EFR - Reviews of Pornography

Pornography

Tue 21st – Sat 25th August 2012

reviews

Rachel Cunliffe

at 01:39 on 22nd Aug 2012

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Let me first make clear that ‘Pornography’, Simon Stephens’ brave play about the London 7/7 bombings, has absolutely nothing to do with porn, as I’m sure you’ll be relieved/disappointed to hear. The play is indisputably a work of genius, leading the audience through Live 8, the Olympic bid, and the attack through the eyes of eight ordinary people. If you haven’t seen it, I would recommend this production on the merits of the script alone. It’s a play everyone who remembers what happened should see at least once.

As for this particularly production, it is very much a show of three parts. Conor Mannion begins as Jason, a disillusioned adolescent in a failing school, whose understanding of these events is set against the backdrop of his frustration and barely-concealed fury at the world. Mannion is fantastic, switching mood and pace with exceptional fluidity, and at once both a sympathetic teenager and a chilling example of a nationwide problem. His monologue is supported by tightly-choreographed ensemble pieces, which are original and dynamic. I particularly loved the anonymity created by ingenious use of newspapers, and all the crowd scenes on the Underground. The first fifteen minutes are worth five stars.

Unfortunately, not all the scenes are as compelling to watch as Mannion’s. Harrison Smith and Daisy Bata begin well, as an awkward professor and his sexy ex-student, but they don’t quite manage to maintain the tension, and though they have good comic rapport the darker moments of this episode fall flat. There are similar problems with Matt Wright and Zoe Templeman-Young as a dysfunctional brother and sister – again, the scene starts promisingly, but fails to make much impact at the crucial moments. Charlotte Christie, who plays a struggling mother, is particularly disappointing. She is able to portray anxiety, but little else, and her performance lacks variation, whether she is stressed about where her husband has been or fantasising about taking her baby on a plane. By this point in the play, the intensity built up by Mannion has disappeared completely.

It is saved, however, by the final monologue. Ken Nwosu is brilliant: one moment a loving father wondering where he can get an almond croissant, the next a dedicated and utterly committed activist. Both his working-class accent and the conspiratorial way in which he talks to the audience invite them to see him as an ordinary guy, doing what he thinks is best in a world he cannot accept. The humanity of his character shines through, and that is terrifying.

All the ensemble scenes and stylised choreography are precise and expressive, and the lighting works beautifully. The ending is incredibly emotional, especially after Nwosu’s performance, and I found myself trying not to cry in the final moments, such is the impact of Stephens’ script. However, the weaker performances in the middle prevent me from giving the higher rating which the beginning and end deserve. As I said, it is important that people see this play. I urge you to go, and make up your own minds.

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Ella Griffiths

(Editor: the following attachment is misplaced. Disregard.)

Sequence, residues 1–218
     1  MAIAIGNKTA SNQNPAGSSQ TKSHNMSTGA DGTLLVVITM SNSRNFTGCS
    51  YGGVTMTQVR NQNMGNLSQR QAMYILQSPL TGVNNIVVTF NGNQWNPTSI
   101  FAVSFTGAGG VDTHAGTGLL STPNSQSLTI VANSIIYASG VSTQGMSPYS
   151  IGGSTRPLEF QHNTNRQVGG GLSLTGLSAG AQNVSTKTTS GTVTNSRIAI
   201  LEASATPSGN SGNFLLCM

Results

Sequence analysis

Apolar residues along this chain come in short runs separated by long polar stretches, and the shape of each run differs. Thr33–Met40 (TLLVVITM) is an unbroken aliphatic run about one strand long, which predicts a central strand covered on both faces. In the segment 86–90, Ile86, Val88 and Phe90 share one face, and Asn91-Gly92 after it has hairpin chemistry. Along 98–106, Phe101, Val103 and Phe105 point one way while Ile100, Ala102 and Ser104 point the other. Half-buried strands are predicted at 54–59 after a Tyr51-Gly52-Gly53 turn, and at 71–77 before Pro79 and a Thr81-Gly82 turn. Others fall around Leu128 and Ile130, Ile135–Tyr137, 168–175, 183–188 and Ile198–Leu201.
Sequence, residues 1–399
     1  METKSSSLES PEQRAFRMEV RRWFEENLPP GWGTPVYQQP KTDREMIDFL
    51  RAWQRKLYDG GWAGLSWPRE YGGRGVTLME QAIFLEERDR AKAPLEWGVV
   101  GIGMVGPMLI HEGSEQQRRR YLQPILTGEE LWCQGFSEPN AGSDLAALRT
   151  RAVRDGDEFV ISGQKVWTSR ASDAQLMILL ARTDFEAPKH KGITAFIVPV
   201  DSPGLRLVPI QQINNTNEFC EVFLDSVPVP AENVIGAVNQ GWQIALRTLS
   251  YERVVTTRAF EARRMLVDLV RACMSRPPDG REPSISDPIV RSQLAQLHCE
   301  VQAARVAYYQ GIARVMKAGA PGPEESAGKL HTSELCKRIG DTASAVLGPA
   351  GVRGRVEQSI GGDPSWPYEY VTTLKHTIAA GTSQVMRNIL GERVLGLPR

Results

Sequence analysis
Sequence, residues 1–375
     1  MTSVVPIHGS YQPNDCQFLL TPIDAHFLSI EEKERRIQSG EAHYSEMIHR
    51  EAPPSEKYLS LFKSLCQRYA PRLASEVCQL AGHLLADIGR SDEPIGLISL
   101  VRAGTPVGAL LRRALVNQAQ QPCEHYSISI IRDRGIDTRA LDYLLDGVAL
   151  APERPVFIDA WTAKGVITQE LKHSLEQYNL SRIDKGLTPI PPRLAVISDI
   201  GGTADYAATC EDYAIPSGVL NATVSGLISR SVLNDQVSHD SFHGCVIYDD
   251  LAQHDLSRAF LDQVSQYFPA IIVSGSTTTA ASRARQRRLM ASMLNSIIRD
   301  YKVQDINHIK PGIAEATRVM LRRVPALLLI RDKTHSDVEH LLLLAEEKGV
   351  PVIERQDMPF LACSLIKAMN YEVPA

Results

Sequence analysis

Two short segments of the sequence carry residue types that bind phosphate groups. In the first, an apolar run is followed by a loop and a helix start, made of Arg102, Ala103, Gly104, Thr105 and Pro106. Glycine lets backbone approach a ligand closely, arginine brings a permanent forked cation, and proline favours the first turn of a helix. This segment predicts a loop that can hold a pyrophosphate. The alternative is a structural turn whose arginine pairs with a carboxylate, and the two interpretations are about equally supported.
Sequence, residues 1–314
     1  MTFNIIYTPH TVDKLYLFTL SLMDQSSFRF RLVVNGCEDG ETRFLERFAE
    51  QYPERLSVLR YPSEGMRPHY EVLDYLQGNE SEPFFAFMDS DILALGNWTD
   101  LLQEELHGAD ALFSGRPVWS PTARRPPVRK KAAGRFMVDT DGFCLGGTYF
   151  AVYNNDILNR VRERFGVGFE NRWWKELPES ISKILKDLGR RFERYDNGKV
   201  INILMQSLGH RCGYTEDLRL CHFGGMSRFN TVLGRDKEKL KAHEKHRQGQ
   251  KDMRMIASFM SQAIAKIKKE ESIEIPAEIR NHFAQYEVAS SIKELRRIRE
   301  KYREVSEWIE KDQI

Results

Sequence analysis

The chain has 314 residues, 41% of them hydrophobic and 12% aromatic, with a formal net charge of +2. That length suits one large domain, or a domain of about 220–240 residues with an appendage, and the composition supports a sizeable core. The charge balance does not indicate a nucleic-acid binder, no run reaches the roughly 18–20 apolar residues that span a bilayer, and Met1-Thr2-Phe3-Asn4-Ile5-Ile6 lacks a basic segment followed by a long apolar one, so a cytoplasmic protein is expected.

at 04:32 on 22nd Aug 2012

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It’s not often that you arrive at the box office asking for a ticket to see pornography. By dissecting our obsession with consumerist objectification, even the title of Simon Stephens’ 2007 play raises provocative questions about modern culture, offering an early indication of the gritty and fractured content. Rooted in the specific events of July 2005, the fleeting elation of winning the Olympic bid and the excitement of Live 8 dissolve in the catastrophic reality of the London 7/7 bombings. Recognising the hyper-relevance of Stephens’ topical play in light of the recent Olympics, The Organised Crime Theatre Company have crafted an electrifying production embracing the chaotic individuals that form our society.

Illuminating the simultaneously isolated and connected state of urban humanity, director Dana Segal intersperses a selection of diverse monologues with the claustrophobic masses of a tube carriage. In a suitably fluid and intimate venue, the dramatic impact of the entwining stories reverberates with added vigour, while the stark lighting and jarring bursts of music capture a sense of dislocation and instability.

However, the most magnetic aspect of the production is the stunning quality of the cast, essential in vivifying the monologues. From the exquisitely complicated Jason (Conor Mannion), melding desperate masculine violence with fragile bravado, to Charlotte Christie as a humorously erratic yet tortured mother, every actor has a fantastically commanding stage presence. Analysing the minute shifts between distance and intimacy, Stephens explores the trivialities and boundaries of our culture, most acutely captured by the actors in a highly charged and transgressive relationship between siblings. As the British bomber magnetically depicted by Ken Nwosu begins to haunt the stage with his disillusioned yet painfully human perspective upon modern culture, fusing terror with banality in regard to his task, London begins to splinter. When the names of the dead are read from slips of paper in a genuinely moving fashion, the full weight of the tragedy and the reality of the city’s loss finally become cripplingly apparent.

This subtle examination of our society is raw, fresh and incisive, eschewing overly stylised and abstract theatre in favour of delving into the complex essence of humanity itself. In such a sensitive and moving production, Stephens’ play is given the opportunity to shine as a tragicomic masterpiece in the hands of an exceptionally talented cast.

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